This Christmas Woman Making History has a really special place in my heart, because my mom had a Holly Near album (A Live Album, 1975) when I was a kid that got a lot of play, and my childhood lullaby, which was incredibly appropriate given the situation my mom and I were in, was from that album. I still know all the words, even though the album didn't come out on CD or tape and isn't available anymore. I'll put them at the end, just for old time's sake.
Holly Near was born in 1949 in California. She started performing at the age of eight, moving to singing folk music in a group called the Freedom Singers when she was in high school in the early 1960s. In 1968, she enrolled in the UCLA theater arts program and attended her first anti-war protest.
Near's professional career began in 1969, when she got small parts in several television series, including The Mod Squad and The Partridge Family. The next year, she was cast in the Broadway musical Hair.
In 1971, Near joined the FTA (Free the Army) anti-Vietnam traveling road show. In the next few years, she was an active folk and protest singer, working with artists including Joan Baez, Phil Ochs, Arlo Guthrie, Pete Seeger, and Bernice Johnson Reagon. In 1972, Near founded her own record label, Redwood Records, dedicated to putting out albums by socially conscious artists. Redwood existed for nearly 20 years before going out of business in the early 1990s.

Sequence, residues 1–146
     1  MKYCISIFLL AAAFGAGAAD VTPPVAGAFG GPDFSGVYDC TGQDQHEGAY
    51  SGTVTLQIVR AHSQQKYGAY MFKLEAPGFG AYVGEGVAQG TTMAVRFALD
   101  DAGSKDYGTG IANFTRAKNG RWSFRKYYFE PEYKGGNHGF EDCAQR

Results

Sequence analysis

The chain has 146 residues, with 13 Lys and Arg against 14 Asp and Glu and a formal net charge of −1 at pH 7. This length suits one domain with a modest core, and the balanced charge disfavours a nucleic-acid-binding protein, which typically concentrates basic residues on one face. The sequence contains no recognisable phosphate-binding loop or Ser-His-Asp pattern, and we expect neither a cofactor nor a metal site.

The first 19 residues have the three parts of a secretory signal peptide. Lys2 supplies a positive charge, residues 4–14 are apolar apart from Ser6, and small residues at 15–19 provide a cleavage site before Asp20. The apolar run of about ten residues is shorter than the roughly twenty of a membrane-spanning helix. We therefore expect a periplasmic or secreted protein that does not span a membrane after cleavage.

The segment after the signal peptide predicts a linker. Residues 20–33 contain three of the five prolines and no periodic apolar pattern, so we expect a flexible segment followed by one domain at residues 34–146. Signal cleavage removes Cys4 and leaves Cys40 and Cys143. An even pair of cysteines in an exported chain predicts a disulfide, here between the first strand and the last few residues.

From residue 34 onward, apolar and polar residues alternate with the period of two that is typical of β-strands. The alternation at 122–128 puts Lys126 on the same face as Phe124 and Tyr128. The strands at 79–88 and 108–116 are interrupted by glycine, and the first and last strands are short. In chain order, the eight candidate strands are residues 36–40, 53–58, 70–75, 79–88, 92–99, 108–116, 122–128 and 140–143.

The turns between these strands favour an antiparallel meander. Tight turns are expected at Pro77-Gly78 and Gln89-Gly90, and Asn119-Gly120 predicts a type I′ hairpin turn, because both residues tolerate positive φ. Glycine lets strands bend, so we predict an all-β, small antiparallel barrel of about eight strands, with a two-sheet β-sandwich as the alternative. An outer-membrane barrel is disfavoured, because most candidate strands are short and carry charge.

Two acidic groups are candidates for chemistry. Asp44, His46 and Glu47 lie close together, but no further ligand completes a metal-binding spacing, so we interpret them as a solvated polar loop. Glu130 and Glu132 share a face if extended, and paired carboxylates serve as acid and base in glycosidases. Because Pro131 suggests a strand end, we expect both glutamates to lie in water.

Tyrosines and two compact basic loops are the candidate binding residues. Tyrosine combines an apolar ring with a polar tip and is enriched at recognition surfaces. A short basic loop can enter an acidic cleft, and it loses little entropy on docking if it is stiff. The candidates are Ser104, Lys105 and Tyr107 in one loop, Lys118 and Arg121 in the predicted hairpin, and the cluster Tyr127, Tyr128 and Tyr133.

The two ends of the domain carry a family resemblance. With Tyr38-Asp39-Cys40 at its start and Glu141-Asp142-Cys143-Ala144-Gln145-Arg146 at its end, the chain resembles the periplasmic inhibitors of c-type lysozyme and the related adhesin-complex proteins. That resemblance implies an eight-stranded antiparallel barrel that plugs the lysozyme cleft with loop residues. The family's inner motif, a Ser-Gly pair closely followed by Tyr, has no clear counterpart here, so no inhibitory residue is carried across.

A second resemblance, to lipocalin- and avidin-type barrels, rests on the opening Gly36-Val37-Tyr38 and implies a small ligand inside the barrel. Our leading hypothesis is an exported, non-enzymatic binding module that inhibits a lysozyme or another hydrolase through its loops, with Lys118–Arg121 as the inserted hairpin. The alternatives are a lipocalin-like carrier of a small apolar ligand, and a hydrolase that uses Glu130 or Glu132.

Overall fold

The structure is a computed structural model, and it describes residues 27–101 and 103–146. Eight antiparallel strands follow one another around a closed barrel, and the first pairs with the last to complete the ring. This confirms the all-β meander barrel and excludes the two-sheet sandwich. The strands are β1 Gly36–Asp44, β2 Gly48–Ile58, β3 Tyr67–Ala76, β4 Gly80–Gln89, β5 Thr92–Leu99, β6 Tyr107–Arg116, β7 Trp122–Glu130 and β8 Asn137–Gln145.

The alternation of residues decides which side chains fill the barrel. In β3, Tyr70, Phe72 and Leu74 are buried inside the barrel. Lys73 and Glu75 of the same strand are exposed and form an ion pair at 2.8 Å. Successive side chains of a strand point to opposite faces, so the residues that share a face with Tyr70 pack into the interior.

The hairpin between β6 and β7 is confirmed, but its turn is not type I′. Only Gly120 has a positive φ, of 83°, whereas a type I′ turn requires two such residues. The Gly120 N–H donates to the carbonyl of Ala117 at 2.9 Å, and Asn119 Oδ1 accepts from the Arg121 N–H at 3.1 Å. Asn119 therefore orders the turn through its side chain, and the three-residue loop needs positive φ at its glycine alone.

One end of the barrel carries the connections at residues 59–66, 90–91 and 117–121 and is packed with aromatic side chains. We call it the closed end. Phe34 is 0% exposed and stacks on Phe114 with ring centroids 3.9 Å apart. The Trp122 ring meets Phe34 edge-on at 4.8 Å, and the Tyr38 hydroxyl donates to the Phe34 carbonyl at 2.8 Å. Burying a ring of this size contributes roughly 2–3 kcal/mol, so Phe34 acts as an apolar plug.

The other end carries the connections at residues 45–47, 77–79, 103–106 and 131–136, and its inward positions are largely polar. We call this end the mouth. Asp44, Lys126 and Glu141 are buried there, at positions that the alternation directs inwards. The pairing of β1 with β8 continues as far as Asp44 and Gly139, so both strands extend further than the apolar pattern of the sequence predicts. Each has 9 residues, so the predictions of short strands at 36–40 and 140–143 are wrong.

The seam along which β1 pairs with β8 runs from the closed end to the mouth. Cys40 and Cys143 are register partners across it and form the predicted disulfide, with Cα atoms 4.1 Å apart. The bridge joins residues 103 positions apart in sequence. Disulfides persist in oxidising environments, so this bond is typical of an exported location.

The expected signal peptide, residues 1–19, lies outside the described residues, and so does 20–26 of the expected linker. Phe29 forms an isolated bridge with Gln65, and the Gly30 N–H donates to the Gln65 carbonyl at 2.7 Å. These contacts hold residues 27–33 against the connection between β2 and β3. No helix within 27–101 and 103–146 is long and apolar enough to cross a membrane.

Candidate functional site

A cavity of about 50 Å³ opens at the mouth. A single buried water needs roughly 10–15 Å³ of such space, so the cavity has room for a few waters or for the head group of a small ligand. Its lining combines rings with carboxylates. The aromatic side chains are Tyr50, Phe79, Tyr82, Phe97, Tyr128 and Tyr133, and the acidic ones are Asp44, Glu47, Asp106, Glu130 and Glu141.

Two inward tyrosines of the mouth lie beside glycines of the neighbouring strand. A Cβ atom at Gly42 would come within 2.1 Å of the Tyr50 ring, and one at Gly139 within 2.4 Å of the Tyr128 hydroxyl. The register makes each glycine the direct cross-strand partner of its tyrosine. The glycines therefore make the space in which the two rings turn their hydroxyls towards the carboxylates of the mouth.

In 1976, Near came out as a lesbian, and she was probably the first out lesbian to be interviewed by People magazine (Near later resumed relationships with men and considers herself bisexual). She continued to make music and work for international peace and human rights for the next several decades, building a discography of 26 albums and writing a one-woman show that appeared off-Broadway.
In recent years, Near has continued her activism, focusing particularly on working for peace and against violence towards women. She participated in the V-Day march in Juarez in 2004 and continues to tour, singing and promoting non-violence. One of her songs, "Singing For Our Lives" (also called "We Are Gentle Angry People") is included in the official Unitarian Universalist hymnal, Singing the Living Tradition.
Started Out Fine
Started out fine
We were movin' ahead
You were drivin' the truck
I was combing the hair
On the head of the one in the middle
She was lovin' it all
Bouncin' round like a rubber ball
And you thought that she was
Just about the finest kid
And I had to agree
But maybe that's 'cuz she looks like me
And you were taking a space
Maybe takin the place of a father
But then you started seeing that there might be a scene
You got to complainin'
Got pretty mean
First it was the weather, then it was me
Then you started takin' it out on my baby
Well if you think travelin' three is a drag
Pack up loner
I got my own bag
Full of dreams for this little child of wonder
And you can only stay if you start to understand
How an old campfire gets warmer with you
But even when you're gone it still cooks the stew
And the coffee...you freeze my soul
I ain't ready to grow that old
You say go home woman and find you a someone
Who's gonna turn into be a middle class bum anyway
Well he might make me some money
But that ain't the kind of life I'm looking for honey
So don't go around sayin' I been a burden to you
You been a burden to me and we're through
If you can't seem to find the joy in my livin'
You can't seem to get into takin' and givin'
But I got a little one who loves me as much as she needs me
And darlin' that's a lovin' enough
For a hiking boot mother
Seeing the world
For the first time with her own little girl